Film Review – DUCK SOUP (1933)

DUCK SOUP (1933, USA) *****
Comedy, Musical
dist. Paramount Pictures; pr co. Paramount Pictures; d. Leo McCarey; w. Bert Kalmar, Harry Ruby, Arthur Sheekman, Nat Perrin; pr. Herman J. Mankiewicz; ph. Henry Sharp (B&W. 35mm. Spherical. 1.37:1); m. John Leipold; ed. LeRoy Stone; ad. Hans Dreier, Wiard Ihnen (both uncredited); rel. 15 November 1933 (USA), 29 November 1933 (UK); BBFC cert: U; r/t. 69m.
cast: Groucho Marx (Rufus T. Firefly), Harpo Marx (Pinky), Chico Marx (Chicolini), Zeppo Marx (Bob Roland), Margaret Dumont (Gloria Teasdale), Raquel Torres (Vera Marcal), Louis Calhern (Ambassador Trentino), Edmund Breese (Zander), Leonid Kinskey (Sylvanian Agitator), Charles Middleton (Prosecutor), Edgar Kennedy (Lemonade Vendor).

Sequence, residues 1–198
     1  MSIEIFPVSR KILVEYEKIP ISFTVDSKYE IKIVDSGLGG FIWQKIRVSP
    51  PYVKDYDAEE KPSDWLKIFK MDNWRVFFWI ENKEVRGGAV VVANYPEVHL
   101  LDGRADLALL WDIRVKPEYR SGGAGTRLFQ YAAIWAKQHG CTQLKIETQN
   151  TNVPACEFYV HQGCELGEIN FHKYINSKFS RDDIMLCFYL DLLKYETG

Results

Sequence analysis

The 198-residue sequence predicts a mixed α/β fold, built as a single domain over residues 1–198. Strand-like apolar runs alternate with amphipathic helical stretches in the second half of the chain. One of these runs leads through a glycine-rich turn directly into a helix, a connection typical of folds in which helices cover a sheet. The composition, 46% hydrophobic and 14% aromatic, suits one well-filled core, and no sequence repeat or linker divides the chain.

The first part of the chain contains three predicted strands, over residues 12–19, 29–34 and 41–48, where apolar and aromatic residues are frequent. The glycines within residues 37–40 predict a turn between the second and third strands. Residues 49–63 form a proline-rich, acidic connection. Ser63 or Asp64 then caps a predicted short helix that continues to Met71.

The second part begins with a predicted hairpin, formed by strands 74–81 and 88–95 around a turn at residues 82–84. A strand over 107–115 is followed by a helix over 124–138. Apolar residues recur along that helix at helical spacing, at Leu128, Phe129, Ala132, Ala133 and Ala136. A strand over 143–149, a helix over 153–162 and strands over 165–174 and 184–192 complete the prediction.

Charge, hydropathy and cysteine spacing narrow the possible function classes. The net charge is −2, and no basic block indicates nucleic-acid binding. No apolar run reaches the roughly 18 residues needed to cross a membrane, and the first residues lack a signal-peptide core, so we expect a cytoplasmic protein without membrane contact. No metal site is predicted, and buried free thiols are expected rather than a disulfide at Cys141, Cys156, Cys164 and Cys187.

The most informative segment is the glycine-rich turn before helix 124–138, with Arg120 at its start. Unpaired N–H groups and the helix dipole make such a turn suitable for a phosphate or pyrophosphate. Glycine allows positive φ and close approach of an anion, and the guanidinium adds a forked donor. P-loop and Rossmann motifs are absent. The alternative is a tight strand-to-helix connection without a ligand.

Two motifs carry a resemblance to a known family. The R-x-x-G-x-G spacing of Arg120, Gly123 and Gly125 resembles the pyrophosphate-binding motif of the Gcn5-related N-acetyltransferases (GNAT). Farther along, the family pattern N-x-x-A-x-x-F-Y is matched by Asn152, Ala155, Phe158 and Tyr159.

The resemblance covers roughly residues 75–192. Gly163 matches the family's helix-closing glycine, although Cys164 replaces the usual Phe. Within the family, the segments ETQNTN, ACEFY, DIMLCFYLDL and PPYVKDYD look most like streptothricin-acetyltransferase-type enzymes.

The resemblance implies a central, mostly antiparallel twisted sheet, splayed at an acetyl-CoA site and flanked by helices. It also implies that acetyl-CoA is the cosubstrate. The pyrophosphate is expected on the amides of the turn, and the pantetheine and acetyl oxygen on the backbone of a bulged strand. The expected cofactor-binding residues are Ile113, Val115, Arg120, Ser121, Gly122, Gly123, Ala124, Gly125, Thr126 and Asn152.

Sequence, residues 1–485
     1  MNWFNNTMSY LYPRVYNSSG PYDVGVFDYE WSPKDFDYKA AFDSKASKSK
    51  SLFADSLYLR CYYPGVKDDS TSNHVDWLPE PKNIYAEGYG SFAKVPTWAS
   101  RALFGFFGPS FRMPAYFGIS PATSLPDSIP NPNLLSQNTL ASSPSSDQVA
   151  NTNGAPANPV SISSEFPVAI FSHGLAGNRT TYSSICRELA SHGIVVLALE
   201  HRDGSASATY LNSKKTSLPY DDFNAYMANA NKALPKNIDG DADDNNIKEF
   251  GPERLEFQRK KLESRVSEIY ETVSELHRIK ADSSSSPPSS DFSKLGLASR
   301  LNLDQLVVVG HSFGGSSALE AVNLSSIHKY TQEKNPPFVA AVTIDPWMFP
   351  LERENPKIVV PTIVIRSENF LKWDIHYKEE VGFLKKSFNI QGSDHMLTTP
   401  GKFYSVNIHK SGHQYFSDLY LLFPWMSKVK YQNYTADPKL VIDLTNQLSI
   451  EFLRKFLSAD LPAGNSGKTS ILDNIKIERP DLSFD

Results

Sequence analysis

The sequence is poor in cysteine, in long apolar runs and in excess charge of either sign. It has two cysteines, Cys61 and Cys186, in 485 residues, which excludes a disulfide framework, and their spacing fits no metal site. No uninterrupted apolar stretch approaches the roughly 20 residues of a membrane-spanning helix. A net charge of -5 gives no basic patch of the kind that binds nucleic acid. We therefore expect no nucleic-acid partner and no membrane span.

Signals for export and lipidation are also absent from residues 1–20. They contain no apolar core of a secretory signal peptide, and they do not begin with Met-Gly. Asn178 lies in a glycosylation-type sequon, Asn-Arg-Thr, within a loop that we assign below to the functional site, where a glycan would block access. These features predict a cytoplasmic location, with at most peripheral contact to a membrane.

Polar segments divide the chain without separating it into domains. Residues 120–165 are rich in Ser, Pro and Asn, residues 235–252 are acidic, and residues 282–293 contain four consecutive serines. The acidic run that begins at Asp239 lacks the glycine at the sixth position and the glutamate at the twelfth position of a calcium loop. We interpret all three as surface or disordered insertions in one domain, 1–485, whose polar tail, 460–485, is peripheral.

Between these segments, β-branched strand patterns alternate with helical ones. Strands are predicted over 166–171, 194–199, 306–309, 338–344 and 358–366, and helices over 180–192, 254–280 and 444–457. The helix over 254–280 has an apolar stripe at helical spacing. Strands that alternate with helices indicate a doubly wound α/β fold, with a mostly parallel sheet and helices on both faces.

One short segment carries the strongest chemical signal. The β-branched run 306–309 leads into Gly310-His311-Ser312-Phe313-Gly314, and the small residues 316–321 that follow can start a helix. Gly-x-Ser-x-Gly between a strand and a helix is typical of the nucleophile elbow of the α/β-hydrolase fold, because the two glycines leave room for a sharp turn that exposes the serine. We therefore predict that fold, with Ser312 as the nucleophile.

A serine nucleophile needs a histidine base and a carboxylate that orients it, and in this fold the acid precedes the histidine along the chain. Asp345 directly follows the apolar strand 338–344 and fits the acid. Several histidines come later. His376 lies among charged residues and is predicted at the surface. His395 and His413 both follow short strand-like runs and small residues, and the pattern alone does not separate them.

The most anarchic of all the Marx Brothers films also has strong hints of anti-war satire. Rufus T. Firefly (Groucho) is named president/dictator of bankrupt Freedonia and declares war on neighbouring Sylvania over the love of wealthy Mrs. Teasdale (Dumont). What follows is a breathless 69-minute comedy masterclass mixing inventive sight-gags (notably the famous mirror sequence) with Groucho’s biting one-liners. Dumont is a game foil for Groucho’s insults. Harpo and Chico are also at the top of their game in their respective familiar characterisations and their battle with Lemonade vendor Kennedy is superb visual comedy. This was the last appearance of Zeppo Marx in The Marx Brothers films and the team’s last film for Paramount before moving on to MGM. In 2007, the American Film Institute ranked this as the #60 Greatest Movie of All Time.